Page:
I know there are soooo many of his fans. My own literature daughter loves Gaiman. For that reason I will try another of his books. The only reason I continued with this audiobook is because I was driving.
I am looking for something new, I haven't found very many good books lately. Thinking about going to podcasts.
He is a good story teller. It was like me telling a story to my kids. It wasn't a story to become part of or get enveloped in. The characters didn't come to life. Partly because of Gaiman's not convincing performance of the females.
Yes, I am sure it is my lack of .............. whatever.
It was a scarey story for kids.
I'm a mom. I have drama in my life. I don't want books with the F-bomb, nor graphic violence. I read for fun and to bring my family together. I read for reducing stress levels. We have never had a television in our home and our children are now mid twenties to 19. We listen together and look for belly-wrenching laughter. So what is it like to live without a TV? Awesomely educational and inspirational. Each new book is a marvel.
I enjoyed this story as a trip down memory lane. I don't believe any other person could narrate this with the same skill. I have felt like my imagination grew during this audio book and I feel so much more in awe of the world around me.
I want to write. I want to explore. I want to picnic in fairy rings. Such joy of being a big kid.
This story is not what I was expecting. But was delightfully imaginative and enchanting. Being narrated by the author allows the story to come alive exactly as it was intended to when written.
I guess this story is a little too whimsical and magical for my taste. The descriptions are amazing and create vivid images for the reader which is why it's hard for me to come up with a fair rating. The author obviously has a vivid imagination and based on other reviews it's a wonderful story. I can't not recommend it… I think each reader has to decide for themselves whether it's something they love or not.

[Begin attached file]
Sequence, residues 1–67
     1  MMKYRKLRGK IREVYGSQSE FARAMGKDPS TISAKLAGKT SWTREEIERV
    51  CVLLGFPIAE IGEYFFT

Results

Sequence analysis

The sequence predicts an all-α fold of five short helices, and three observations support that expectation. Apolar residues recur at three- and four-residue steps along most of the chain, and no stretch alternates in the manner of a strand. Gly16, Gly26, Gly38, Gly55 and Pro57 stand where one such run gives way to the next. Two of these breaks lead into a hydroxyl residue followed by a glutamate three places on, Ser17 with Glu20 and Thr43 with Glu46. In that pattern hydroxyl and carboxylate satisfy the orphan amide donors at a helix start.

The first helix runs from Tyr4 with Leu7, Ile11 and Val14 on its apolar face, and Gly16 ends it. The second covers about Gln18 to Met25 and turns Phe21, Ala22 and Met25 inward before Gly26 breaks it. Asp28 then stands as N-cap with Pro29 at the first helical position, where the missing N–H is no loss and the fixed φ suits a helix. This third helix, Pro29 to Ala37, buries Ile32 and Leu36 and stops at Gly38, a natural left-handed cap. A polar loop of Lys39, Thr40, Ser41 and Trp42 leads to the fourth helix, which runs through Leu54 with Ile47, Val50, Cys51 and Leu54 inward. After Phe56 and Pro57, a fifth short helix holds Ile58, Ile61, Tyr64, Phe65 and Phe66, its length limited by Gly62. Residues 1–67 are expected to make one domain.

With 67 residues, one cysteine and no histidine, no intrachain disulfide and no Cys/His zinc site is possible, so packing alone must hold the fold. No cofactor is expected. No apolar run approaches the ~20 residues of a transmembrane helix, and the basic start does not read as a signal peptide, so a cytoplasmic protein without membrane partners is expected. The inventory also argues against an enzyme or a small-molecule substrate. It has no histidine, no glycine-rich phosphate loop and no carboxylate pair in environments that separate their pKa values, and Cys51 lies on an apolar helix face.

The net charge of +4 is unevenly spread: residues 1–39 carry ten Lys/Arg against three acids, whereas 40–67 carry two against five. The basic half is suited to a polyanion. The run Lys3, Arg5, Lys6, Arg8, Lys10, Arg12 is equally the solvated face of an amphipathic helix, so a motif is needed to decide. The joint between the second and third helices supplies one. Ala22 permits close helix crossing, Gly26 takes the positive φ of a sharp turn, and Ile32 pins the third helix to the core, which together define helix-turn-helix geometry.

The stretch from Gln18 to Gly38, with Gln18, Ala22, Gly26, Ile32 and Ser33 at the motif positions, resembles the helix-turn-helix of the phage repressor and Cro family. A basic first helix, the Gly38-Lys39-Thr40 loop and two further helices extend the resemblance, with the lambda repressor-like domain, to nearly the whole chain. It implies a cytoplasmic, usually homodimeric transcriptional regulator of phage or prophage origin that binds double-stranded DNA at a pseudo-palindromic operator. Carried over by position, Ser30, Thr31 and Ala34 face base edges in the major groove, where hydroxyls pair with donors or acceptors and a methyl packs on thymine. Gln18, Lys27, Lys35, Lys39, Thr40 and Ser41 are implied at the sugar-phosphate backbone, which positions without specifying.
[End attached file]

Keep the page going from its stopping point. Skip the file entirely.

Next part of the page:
I think that Neil Gaiman's narration added something to the text that no one else could have, nor would the simple text have been as powerful. This is truly a masterpiece.
There are many childhood fantasies, but this one stands alone in my estimation. It possesses the best element of imagination combined with a child's eye view of the world and the people who inhabit it. The concept of a tiny piece of land that becomes a whole world and a duck pond that becomes the ocean could only happen in the mind of a child. Even though you know that it is a fantasy, a part of you wishes it were all true. Though a very different book it did remind me a bit of Maurice Sendak's Where the Wild Thing Are which I read to my son over and over when he was child.
I have read (listened to) a few of Gaiman's books, but I have never been captivated by them before. This book absolutely held me, possessed me, as it were. It is a work of real genius that belongs along side of Exupery's The Little Prince as a book that can be read and reread many times.
The description of this book is unclear to the listener. It is not about unraveling a mystery it is about witches and other worldly creatures in a little boy's imagination.
If you enjoy stories about witches/goblins then this story will appeal to you.
I do not. I feel it was misrepresented in its description. Also, the sample does not allow the listening to fully understand that it not a story about a boy finding a body in the car by a barn it is about a boy's wild imagination and his relationship with witches after a creature enters this world through his body. I knew about 10 minutes into listening that it was not for me. Sadly I used my only credit.
The Ocean at the end of the lane reminded me of the childrens stories my father use to rwad to me at bed time. It would be a good book for people of all ages. Having lessons that can be grasped by both young and old alike. Having Neil G. read it himself also brought in that touch of authenticity of having this type of book performed as I would expect. I think it slso helps to bridge the gap between author and reader almost like giving you a glimpse in to to how Neil G. imagined it.